Ulysses vs. iA Writer

I’ve been looking for a serious writing program. Maybe serious isn’t the right word, because I use Vim and BBEdit, and those are nothing if not serious. But they don’t feel right for the type of concentrated, long-form prose that I am trying to write. The contenders that I settled on are iA Writer and Ulysses.

Both are great, and I would recommend either. Choosing between them is more about your personal preferences, workflow, and writing needs. My observations based on my particular needs are below.

You should also check out the comparison by Marius Masalar.

Comparison

This is not comprehensive, just a few things that happen to be important to me.

Post to WordPress

Ulysses posts to self-hosted WordPress installations.

iA Writer requires Jetpack for self-hosted WordPress.

I have no desire to install Jetpack, so this is a drawback to iA Writer. Ulysses works exactly the way I want it to.

Update: Starting with iA Writer 5.5, WordPress posting on personal sites has been improved.

File Management

iA Writer works on files. Ulysses works on “sheets,” a file abstraction that lives in a database owned by the application.

Both approaches have their advantages. iA Writer’s advantages:

  • The files are searchable with Spotlight. Using Finder to search for things will reveal your iA Writer files just as well as searching within iA Writer.
  • The files are portable. It is easy and immediate to edit the files in another program. I can use BBEdit or Vim to open a file I created in iA Writer without having to export.
  • I can keep the files in a git repository. iCloud probably serves most writers’ needs, but if you’re a git user, having your history in a repository is reassuring.

The downside is that I am doing my own file management. I have to decide what to name a new document. I have to decide where to save my file. These little decisions can slow me down.

By contrast, Ulysses works with a container that manages the files for me. The benefit of this is that no file name or folder location is required when I create a file (or “sheet”). Just ⌘N and I’m ready to write.

It also easy to compose a work of many sheets. It lets me think in sentences and paragraphs instead of files. I can combine sheets, rearrange their order, “glue” sheets together, and split them apart. It’s more flexible and useful than iA Writer’s “content blocks.”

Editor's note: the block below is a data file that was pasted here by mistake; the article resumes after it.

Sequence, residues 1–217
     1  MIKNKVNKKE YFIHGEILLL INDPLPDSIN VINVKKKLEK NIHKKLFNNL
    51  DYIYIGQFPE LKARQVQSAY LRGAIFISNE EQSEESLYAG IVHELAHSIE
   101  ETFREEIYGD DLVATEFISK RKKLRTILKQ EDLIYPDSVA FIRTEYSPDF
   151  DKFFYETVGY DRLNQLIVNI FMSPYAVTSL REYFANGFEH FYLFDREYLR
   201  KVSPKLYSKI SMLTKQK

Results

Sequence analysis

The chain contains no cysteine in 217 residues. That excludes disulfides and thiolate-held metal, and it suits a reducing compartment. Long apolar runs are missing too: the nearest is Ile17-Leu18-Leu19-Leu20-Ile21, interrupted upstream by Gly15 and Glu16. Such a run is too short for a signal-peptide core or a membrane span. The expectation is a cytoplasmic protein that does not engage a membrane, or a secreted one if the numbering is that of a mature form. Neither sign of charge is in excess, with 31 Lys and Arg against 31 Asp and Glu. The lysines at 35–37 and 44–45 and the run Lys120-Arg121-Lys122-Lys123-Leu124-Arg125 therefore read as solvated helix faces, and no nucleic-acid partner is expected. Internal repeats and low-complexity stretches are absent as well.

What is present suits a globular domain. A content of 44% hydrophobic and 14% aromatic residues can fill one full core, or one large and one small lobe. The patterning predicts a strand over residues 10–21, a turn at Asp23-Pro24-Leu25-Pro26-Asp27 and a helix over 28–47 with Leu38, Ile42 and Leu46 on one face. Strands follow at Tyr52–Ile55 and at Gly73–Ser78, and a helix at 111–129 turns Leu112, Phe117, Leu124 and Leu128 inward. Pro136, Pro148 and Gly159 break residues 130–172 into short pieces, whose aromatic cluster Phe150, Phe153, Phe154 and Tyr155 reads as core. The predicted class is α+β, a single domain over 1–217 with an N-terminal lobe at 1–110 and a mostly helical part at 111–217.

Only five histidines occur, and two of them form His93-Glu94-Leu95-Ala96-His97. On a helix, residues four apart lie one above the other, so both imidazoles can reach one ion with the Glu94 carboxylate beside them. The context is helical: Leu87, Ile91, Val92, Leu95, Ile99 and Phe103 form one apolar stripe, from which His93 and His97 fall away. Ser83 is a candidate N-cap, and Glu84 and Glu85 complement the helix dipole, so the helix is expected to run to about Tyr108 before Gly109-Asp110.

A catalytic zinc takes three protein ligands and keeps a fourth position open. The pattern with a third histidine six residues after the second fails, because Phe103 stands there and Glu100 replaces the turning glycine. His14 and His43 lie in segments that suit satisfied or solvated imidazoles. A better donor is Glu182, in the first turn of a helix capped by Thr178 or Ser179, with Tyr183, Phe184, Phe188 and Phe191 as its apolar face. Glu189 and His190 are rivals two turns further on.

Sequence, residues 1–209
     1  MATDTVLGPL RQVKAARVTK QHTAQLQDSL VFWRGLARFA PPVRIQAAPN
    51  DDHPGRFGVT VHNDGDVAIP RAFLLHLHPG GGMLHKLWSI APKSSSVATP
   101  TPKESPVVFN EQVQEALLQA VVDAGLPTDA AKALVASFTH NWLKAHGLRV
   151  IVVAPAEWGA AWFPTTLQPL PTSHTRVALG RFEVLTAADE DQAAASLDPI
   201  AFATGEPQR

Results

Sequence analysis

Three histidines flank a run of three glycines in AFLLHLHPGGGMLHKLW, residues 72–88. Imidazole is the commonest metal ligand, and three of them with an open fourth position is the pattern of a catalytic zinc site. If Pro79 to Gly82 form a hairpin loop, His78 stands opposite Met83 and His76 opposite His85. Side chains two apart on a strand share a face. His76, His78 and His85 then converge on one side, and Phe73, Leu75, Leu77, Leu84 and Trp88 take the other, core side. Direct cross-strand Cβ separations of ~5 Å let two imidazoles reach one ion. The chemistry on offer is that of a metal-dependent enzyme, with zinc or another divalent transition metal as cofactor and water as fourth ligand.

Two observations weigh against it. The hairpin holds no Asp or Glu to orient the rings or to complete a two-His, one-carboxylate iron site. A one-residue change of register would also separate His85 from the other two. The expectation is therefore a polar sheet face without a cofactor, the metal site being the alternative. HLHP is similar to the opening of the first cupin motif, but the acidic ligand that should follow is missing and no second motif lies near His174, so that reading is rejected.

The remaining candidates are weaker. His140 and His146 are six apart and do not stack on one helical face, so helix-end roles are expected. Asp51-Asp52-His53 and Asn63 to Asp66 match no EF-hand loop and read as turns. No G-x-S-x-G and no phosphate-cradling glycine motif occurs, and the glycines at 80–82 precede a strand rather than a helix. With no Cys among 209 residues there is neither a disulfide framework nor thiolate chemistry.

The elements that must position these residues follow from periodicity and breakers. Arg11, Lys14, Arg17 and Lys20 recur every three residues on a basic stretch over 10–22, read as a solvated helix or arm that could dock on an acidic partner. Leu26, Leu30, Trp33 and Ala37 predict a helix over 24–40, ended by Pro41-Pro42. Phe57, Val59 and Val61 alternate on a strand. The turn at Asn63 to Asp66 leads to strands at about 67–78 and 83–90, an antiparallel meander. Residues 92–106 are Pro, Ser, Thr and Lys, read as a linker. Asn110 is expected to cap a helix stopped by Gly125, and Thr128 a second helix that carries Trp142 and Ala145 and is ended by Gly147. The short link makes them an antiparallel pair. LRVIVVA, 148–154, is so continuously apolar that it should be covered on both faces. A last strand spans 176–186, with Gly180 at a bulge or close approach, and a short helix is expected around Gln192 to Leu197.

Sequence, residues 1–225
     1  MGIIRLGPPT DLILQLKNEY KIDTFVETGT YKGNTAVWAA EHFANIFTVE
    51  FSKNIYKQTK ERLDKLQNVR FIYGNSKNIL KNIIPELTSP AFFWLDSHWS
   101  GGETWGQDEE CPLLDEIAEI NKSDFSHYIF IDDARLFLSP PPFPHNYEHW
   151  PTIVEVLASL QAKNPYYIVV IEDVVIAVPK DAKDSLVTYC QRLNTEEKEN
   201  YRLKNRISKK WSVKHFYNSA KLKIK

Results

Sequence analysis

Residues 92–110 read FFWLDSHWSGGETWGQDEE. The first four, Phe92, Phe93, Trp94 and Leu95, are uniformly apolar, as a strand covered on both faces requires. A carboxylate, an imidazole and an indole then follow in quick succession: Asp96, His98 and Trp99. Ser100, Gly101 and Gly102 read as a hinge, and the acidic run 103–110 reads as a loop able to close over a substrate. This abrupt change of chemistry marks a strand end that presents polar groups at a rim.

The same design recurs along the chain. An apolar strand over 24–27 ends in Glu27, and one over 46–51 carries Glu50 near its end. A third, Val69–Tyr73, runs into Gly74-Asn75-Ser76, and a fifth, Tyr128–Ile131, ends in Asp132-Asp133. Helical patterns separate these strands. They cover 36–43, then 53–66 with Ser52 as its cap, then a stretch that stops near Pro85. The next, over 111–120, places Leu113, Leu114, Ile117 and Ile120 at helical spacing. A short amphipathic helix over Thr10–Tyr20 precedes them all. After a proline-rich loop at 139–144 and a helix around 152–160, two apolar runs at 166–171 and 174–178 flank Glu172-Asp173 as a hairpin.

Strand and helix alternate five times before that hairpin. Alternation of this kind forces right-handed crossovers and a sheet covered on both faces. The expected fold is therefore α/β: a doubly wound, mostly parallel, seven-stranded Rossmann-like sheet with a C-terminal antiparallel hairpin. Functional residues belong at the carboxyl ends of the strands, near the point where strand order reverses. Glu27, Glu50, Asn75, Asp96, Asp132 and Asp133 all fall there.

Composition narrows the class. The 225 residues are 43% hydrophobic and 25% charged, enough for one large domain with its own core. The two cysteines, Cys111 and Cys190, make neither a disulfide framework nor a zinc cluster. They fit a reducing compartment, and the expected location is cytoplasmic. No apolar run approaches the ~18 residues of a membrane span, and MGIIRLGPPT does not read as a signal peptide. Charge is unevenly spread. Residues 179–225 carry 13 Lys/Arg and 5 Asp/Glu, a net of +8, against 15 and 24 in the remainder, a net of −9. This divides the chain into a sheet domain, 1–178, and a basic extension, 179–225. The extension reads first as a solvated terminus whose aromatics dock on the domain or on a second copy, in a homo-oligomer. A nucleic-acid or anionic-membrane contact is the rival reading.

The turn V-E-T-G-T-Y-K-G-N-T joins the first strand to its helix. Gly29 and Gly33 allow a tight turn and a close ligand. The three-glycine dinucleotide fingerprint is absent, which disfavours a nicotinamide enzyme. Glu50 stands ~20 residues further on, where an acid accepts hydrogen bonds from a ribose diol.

Fonts and Appearance

Ulysses has a very detailed preference pane to customize every element of my Markdown syntax. I can create themes, and I can use themes created by others. Ulysses comes with a solarized theme, so I picked that. Then I noticed that there is another solarized theme: slightly different and more in line with what markdown looks in MacVim. So I changed to that. After a while, that started to feel garish, so I switched to a theme that mimics Editorial. This was great. But now that theme is starting to look a little…I don’t know…too subdued, maybe. I’ll find something I like if I keep looking. If not, there’s a way to create custom theme styles…

iA Writer looks great. There is a setting for light or dark. There is a font setting with three choices. I picked the one I like and haven’t given it much thought since. I feel none of the theme malaise that Ulysses makes me feel.

Markdown

iA Writer is straight markdown, more or less. More textual than Ulysses, anyway. That is, a link in iA Writer looks exactly like you would expect:

[Link anchor text](http://example.com/path/to/target.html)

Ulysses has clever little additions that make it less textual and more graphical. The target URL is not listed in the source view. If you double-click on the link text, a little inspector window opens to show the target link. It’s very well done, but I feel the textual nature of markdown is a benefit, and Ulysses loses that.

Share Extension

Ulysses has a (poor) Safari share icon. It can paste a web site title and URL, and that’s about it. It is no match for Bear or Keep It.

iA Writer has no service or share extension.

(Preliminary) Decision

I like iA Writer better. Even though Ulysses does have real advantages, iA Writer just feels better. I like the fonts and the built-in preview styles. I like the more standard, textual markdown source. I like the options for previewing the rendered markdown.

The file handling goes both ways. I can totally get behind Ulysses’ philosophy, but I like having my content indexed in Spotlight.